A Caribbean Mystery (Miss Marple) (Miss Marple Series Book 10)

Jane Marple is on holiday in the Caribbean paid for by her nephew Raymond West. She loves the weather and it is working wonders with her rheumatism but she is just a little bored. Nothing much happens in paradise but her curiosity is piqued when Major Palgrave, who is telling her a story about a murderer, suddenly puts the photograph away that he was going to show her and looks as though he’s seen a ghost. The next day he is dead and Miss Marple is in her element as she recognises the types of people among her fellow guests who remind her of people in her home village of St Mary Mead.

I particularly liked some of the characters in this well written mystery especially the irascible Mr Rafiel and his attendants as well the Hillingdons and Dysons who seem to be friends who do not always get on well together. There are plenty of clues and plenty of red herrings before the murderer is finally revealed by means of some clever deductions by Miss Marple and Mr Rafiel.

This is not St Mary Mead but it is entertaining reading with an interesting background and Miss Marple proves herself to be as resourceful as ever even if her age is catching up with her.

The Forty Rules of Love

I picked this book at random when I couldn’t decide what to read next and found it interesting and thought provoking. Ella is almost forty, has three children and an unfaithful husband. She is beginning to feel that she has missed out on life somehow. She takes a job as a reader for a literary agency. Her first manuscript is an historical novel set in the thirteenth century and explores the relationship between the poet Rumi and a wandering dervish called Shams.

Ella is unexpectedly affected by the novel and starts an email correspondence with the author which will change her life in ways she cannot possibly predict. Ella’s story is interspersed with the novel she is reading. I thought the book was well written and it held my attention as I wanted to find out what happened to Ella and I found the Sufi background interesting. I knew little about Sufism before I read this book and it has made me want to know more.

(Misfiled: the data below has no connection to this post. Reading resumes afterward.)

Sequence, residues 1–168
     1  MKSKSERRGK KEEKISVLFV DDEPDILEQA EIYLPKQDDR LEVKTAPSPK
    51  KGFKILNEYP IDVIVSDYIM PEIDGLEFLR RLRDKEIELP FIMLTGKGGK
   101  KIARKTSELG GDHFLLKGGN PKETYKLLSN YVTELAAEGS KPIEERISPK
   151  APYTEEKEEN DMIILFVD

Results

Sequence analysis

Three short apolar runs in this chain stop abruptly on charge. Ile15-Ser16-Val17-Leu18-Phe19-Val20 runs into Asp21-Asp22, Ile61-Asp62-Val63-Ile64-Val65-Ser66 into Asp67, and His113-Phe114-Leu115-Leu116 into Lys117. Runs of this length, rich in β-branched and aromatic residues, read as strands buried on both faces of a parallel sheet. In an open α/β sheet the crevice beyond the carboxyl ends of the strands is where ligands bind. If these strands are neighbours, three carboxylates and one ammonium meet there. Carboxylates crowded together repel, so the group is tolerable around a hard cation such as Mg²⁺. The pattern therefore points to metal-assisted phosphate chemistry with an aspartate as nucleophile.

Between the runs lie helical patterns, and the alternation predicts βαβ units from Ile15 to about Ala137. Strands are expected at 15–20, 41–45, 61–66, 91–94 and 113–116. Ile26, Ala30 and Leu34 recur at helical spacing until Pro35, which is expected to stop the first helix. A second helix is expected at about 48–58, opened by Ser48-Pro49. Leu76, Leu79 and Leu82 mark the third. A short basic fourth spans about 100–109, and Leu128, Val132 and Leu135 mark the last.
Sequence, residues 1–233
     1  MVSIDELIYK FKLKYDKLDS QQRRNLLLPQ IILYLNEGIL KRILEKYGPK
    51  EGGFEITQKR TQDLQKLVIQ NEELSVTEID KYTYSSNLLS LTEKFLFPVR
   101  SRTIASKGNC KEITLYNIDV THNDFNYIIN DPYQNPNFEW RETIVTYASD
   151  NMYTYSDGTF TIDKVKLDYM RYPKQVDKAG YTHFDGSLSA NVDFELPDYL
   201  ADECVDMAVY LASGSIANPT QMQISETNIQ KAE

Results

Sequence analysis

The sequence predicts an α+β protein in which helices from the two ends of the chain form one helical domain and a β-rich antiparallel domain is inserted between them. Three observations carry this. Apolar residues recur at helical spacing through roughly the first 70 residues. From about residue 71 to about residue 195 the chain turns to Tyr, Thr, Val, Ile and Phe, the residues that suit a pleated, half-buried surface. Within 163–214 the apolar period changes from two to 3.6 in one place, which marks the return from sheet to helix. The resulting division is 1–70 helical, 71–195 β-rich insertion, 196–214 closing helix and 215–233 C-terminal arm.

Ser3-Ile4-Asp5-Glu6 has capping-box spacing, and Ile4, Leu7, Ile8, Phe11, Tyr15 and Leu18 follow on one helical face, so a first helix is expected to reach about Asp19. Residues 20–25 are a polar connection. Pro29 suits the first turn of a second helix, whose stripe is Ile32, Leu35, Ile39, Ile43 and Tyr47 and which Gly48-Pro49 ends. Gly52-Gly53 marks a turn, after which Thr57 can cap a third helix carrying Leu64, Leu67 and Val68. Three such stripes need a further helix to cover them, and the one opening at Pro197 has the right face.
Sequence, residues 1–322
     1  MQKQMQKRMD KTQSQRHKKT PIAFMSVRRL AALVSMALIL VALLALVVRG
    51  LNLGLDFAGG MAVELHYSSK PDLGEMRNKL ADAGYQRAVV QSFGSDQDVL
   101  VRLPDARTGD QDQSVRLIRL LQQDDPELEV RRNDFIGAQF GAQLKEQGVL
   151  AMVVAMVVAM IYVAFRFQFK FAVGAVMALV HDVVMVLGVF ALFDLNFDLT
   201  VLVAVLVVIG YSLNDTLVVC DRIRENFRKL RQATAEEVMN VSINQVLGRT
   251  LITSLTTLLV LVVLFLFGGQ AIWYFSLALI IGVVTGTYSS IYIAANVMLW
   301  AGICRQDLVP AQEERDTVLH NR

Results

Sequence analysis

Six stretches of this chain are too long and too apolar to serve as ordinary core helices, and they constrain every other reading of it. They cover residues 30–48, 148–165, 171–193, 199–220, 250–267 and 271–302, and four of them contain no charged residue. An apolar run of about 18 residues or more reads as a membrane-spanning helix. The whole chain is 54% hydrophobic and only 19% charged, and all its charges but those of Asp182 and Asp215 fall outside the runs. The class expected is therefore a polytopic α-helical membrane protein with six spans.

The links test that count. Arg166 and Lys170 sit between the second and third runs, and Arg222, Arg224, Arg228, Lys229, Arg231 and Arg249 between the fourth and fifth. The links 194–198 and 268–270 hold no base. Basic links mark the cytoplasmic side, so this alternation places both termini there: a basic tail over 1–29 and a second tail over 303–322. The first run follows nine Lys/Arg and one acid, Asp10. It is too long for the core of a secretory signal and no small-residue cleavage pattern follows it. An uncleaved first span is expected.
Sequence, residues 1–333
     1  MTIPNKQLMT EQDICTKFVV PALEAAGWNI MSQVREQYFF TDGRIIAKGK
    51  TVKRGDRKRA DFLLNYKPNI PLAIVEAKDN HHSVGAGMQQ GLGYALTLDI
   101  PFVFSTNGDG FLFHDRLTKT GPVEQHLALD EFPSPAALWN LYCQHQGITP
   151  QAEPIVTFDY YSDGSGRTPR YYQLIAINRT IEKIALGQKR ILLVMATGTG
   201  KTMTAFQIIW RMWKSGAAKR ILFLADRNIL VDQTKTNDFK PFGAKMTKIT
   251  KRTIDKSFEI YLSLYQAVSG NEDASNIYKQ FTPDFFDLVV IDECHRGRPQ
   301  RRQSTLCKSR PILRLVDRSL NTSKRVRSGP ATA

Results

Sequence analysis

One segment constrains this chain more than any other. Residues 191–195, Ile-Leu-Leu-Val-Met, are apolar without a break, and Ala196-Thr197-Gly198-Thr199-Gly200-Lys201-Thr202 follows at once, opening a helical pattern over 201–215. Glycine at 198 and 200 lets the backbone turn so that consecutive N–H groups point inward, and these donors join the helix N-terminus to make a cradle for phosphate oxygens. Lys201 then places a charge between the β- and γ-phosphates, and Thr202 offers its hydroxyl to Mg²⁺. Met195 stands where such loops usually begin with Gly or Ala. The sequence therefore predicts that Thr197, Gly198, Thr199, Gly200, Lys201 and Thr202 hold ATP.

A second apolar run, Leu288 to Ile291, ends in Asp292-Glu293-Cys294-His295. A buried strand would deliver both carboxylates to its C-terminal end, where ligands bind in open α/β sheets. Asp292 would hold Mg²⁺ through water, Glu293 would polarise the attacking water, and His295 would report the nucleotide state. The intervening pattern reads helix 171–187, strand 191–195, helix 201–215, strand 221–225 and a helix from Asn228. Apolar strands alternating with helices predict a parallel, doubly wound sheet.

This is a book which will repay rereading as there is so much in it about life and love and it is impossible to take in everything on first reading.

Realms of Glory

This is the third and final book in Catherine Fox’s marvellous Lindchester series.  It is the darkest of the three but there are still plenty of amusing bits and marvellous one liners and descriptions.  I have just re-read the first two books – Acts and Omissions and Unseen Things Above – to refresh my memory about the characters and I really enjoyed reading all three books back to back.

How is the new Bishop getting on?  Will Matt become the next Bishop of Barcup and how will Jane feel being Mrs Bishop if that happens?  Can Freddy May really settle down and be happy at last?  How are Father Ed and the wayward Neil and what about ‘Father’ Wendy and the three legged greyhound -Pedro?  I really feel as though I know these people having just spent three books with them.  I also feel rather differently about the Church of England but not in a bad way.  There are plenty of good things about the Church revealed in the books.

Is there too much about politics and terrorism?  Maybe but also the various catastrophes of 2016 provide a solid background for the lives of the characters in this book.  Here are people with all their human fallibilities struggling with the big events of life including love, death and birth.  Sometimes they fail disastrously but more often than not they turn out to be pure gold and the reader’s faith in the essential good in human nature is restored – or at least this reader’s faith was restored.

I cried tears of laughter and tears of sadness over this book just as I did over the first two.  They are definitely among my favourite books and will be re-read frequently.

Smoke and Mirrors (A Miss Barnum Mystery)

I received a free copy of this book from NetGalley